Tomorrow's Economic and Earnings Releases
Tomorrow includes fewer economic events or releases, but one of those is the most anticipated of the week: August's Non-Farm Payrolls at 8:30. It seems that we have moved quickly from a time when we were worried about the jobs numbers being so tight that they were adding to inflation pressures to a time when we're waiting wide-eyed for these numbers, afraid that they'll show that the economy is screeching to a halt. Non-farm payrolls are expected to rise by 130,000 from the previous gain of 92,000.
At 10:00, July's Wholesale Trade will be released, followed by the ECRI Weekly Leading Index at 10:30.
What about Tomorrow?
If today did anything, it began to hammer home the realization that the Fed might not cut at its September meeting. As many on our website and on television and in print have noted, many market participants seemed to have priced in a rate cut. Some worried about what would happen after that September meeting, if there was no rate cut, and there remain many who believe that no rate cut will be seen. The actions of other central banks may have forced a lowering of those expectations for a rate cut, and that may be a good thing, allowing for a more gradual adjustment to the idea.
Many risks continue, however. The LIBOR, the benchmark lending rate established by the British Bankers Association, rose again. The U.S., along with many other countries, uses this rate as a benchmark. Keene reported last night on anecdotal evidence that the published LIBOR rate isn't available to many borrowers, more evidence of tightening credit to go along with that found in the commercial paper report today.
Daily charts just didn't provide a lot of clues today, and the recent volatility has proven to many that setups can't always be trusted anyway. Unfortunately, intraday charts provide even fewer clues as prices flattened ahead of tomorrow's jobs numbers.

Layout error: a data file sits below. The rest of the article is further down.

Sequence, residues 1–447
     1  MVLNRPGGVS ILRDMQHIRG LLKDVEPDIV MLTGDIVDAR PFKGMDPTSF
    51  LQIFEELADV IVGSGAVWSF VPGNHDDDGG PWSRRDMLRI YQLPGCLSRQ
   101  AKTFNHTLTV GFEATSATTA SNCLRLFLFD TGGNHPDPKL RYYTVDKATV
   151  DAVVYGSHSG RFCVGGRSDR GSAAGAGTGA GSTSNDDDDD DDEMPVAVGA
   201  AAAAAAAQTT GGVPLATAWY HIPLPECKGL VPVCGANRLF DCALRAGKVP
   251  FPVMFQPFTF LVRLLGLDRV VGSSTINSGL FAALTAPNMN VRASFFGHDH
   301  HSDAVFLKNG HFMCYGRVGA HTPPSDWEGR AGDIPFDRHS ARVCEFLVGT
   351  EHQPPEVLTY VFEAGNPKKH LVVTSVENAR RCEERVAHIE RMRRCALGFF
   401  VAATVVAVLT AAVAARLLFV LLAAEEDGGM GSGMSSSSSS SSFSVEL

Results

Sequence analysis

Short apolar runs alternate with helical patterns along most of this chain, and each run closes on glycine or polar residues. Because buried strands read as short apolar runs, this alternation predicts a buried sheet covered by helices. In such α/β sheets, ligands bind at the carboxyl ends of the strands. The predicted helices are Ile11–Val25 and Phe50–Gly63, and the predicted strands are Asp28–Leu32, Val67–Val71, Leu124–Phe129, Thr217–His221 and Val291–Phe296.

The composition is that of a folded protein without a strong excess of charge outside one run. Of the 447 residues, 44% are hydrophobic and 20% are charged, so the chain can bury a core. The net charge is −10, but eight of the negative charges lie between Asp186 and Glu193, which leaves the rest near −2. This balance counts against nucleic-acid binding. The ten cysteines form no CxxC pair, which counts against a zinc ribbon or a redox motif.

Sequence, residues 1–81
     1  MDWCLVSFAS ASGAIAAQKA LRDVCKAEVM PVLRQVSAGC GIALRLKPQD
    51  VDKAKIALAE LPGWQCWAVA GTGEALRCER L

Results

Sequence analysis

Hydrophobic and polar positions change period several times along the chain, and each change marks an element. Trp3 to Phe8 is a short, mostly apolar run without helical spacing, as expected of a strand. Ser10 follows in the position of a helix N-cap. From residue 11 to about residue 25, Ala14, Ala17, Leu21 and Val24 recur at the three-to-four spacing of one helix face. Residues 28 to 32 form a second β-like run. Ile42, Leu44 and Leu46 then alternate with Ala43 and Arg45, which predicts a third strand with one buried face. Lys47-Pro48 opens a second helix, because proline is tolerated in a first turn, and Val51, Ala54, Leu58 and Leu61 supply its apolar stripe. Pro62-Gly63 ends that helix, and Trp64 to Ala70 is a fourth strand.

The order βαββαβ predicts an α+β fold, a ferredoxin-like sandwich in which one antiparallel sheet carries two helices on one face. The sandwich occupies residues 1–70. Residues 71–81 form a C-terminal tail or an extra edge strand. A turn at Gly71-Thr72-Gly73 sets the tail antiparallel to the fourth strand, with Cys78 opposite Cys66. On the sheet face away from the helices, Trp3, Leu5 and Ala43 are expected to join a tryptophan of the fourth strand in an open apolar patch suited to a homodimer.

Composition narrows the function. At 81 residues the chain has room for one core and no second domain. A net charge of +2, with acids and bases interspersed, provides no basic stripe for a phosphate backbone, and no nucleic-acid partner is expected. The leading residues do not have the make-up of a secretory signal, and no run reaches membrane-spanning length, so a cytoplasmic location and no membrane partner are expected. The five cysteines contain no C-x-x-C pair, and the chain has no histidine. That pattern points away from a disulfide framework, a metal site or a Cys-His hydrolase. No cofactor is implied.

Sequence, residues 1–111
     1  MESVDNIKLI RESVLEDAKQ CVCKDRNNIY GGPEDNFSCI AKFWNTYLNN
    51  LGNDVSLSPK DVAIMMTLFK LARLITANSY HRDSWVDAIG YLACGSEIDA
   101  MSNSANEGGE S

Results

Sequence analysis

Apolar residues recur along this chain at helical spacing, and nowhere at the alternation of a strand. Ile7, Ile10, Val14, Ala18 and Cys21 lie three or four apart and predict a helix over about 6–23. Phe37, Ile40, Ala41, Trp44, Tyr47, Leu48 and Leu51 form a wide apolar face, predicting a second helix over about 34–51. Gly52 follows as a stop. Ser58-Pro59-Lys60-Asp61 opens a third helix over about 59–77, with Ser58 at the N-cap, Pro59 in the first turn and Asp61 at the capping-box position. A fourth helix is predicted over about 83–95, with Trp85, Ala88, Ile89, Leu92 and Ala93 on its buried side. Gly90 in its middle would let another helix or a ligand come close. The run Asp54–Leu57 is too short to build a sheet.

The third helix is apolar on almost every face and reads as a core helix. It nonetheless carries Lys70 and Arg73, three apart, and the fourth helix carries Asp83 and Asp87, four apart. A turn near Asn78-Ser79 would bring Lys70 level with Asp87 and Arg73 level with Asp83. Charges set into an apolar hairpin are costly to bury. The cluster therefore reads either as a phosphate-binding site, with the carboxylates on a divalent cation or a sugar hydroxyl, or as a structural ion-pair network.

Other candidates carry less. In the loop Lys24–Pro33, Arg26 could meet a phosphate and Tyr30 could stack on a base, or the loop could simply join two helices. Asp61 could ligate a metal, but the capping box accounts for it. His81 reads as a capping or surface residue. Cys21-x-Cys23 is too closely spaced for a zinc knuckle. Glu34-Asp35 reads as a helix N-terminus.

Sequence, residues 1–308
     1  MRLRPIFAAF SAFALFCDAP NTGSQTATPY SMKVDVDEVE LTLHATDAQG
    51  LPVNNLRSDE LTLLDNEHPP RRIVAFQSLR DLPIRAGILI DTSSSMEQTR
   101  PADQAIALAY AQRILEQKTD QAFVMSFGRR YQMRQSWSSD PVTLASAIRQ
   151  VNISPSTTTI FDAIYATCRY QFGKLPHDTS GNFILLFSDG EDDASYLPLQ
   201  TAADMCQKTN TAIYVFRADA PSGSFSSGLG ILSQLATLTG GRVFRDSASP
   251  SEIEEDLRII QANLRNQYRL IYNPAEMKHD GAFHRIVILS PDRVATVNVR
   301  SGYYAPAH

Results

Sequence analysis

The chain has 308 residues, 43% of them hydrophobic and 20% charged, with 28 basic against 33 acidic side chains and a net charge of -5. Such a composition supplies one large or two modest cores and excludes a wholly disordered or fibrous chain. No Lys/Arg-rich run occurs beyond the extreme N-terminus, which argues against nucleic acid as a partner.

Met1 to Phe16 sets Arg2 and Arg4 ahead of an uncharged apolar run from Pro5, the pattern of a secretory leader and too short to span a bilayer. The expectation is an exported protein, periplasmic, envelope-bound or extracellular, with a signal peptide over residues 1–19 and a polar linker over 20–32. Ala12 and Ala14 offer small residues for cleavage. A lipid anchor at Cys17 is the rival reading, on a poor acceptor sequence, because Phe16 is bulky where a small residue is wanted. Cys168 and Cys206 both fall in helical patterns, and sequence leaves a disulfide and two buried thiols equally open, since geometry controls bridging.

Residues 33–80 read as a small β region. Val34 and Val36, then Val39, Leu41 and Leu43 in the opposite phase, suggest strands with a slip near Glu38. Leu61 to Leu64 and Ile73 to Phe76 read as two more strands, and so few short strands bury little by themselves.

Annotated 30-Minute Chart of the SPX:
Annotated 30-Minute Chart of the Nasdaq:
Annotated 30-Minute Chart of the RUT:
Annotated 30-Minute Chart of the USD/Yen:
On balance, what do we see from these intraday charts? Nothing much. Some give a slight edge to support; some, to resistance. One shows nothing at all about next direction.
If forced to answer a poll, I guess I'd come down on the "markets need to retest summer lows" side of the camp. I don't know that markets will do that, but I honestly don't see anything that leads me to believe we're in the midst of a V-bottomed recovery, either. The climb off the bottom has been choppy and I believe a great deal of uncertainty remains in the markets. So, that's how I'd answer a poll at this moment.
Does that mean that I believe that markets can't climb tomorrow? No, it doesn't mean that. On daily charts, many indices produced daily candles that sprang up from 10-sma and/or rising-channel-midline support. Prices looked as likely to climb up through those channels as to fall through them again. What it does mean, however, that I continue to be as cautious as I've been lately in both my own trades and in my suggestions to subscribers.
The Fed weighs risks of inflation against risks of a weakening economy. As traders or investors, we must weigh the risks of losing our trading capital against risks of not participating in gains. I think the risks for us should be weighted toward protecting trading capital right now. I've been wrong in the past--oh, how wrong I was in early 2003--and I will be again, but right now, I'm keeping my money tight in my own two fists.
I know how it feels to be a trader who comes to these pages each night or early
morning excited about finding a potential trade setup. I'd like to offer it, but
instead I offer my own cautions and a view of breakout or breakdown levels on
the daily charts.